August mornings are usually cool and refreshing, although temperatures may well be in the thirties later. At times, they hover near forty (Celsius) when humidity is factored into the equation. Rural waters are receding as they usually do in late summer, and in places, one can wade across rivers and stream without ever getting wet above her ankles. September rains will replenish northern waters in a few weeks, and we long for the cooler days that will come with them.
At one end of our pond is a shallow waterfall surrounded by stones, and the sound of the gently falling water is a pleasant music in late summer. I could sit there for hours and sometimes do just that, resting in peaceful companionship with scores of tiny jewel-eyed frogs basking in the refreshing stone-scented wetness and quiet. The falls are a fine place to hang out at this time of the year, and they're another scene I revisit in January when snow is deep in the countryside, and northern waters are silent under a quilt of ice. The susurrus of the cascade is a seasonal mantra, late summer light and floating leaves dappling the surface of the pond, reeds swaying to and fro, the watchful repose and Zen posture of my little friends on their cool wet rocks.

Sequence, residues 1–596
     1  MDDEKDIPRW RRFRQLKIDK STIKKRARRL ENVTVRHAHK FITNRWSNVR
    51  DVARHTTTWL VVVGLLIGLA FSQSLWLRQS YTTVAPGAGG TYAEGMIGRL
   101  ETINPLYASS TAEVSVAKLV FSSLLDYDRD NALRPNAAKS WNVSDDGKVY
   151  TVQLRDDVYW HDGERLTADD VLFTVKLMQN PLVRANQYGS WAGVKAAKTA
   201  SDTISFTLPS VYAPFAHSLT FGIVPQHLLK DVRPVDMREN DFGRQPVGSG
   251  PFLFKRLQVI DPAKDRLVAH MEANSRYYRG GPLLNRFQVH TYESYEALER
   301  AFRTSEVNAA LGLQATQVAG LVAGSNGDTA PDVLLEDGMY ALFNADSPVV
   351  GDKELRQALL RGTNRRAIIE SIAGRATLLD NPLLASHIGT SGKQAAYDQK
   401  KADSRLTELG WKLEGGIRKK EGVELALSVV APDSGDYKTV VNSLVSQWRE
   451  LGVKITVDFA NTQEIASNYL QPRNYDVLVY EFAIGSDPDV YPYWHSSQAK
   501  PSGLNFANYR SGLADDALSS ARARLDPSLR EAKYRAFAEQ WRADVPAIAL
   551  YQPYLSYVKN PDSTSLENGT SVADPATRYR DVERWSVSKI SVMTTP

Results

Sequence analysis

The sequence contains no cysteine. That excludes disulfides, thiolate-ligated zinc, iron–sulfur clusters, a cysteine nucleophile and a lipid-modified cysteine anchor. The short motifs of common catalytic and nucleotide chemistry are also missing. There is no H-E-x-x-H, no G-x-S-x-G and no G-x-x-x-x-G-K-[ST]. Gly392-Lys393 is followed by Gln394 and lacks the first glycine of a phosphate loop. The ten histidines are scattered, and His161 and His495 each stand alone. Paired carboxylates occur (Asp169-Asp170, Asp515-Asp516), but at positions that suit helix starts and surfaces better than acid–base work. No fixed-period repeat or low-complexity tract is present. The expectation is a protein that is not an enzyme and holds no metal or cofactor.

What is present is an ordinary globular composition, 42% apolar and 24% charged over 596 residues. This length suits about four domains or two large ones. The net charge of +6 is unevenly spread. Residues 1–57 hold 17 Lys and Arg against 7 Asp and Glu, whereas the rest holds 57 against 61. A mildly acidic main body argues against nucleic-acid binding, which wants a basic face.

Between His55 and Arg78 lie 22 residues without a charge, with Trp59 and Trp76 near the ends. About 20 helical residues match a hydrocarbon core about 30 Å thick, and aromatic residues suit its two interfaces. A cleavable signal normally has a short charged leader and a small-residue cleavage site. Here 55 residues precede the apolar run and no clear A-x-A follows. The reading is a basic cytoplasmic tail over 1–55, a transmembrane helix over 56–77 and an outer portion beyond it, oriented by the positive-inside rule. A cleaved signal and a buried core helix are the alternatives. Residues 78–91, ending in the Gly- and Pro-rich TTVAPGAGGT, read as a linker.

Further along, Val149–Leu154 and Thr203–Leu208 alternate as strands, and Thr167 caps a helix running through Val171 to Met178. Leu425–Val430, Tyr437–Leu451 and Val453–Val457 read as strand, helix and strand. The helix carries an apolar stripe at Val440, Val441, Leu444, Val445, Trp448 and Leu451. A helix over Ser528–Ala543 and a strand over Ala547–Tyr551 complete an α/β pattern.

Summer time is kairos (or non-linear) time anyway, but August is passing in another, more mindful way this year. For the second summer in a row, I have been mostly (but not always) indoors and coping with health matters too tedious to write about. Along with the other "life stuff", there are respiratory difficulties now and again, and the consequences are simply hilarious. My ability to speak or sing comes and goes (mostly goes), and not having a voice makes for interesting moments at times. I lunch with friends and converse with them by waving my hands in the air and making faces, lurch to the telephone when it rings and remember as I am picking it up that I have nothing to say, or rather that I can say nothing. Such events are koans or learning experiences of sorts, little windows allowing one to see the world differently for a while.
I laugh, and my laughter is an odd sound, lacking the grace of flowing water or floating leaves but still organic—it falls somewhere between a rasp and a hollow creak like an old tree in the wind. "Wild", I say to myself, "you're becoming just wild, hen". Is there a finer thing to be?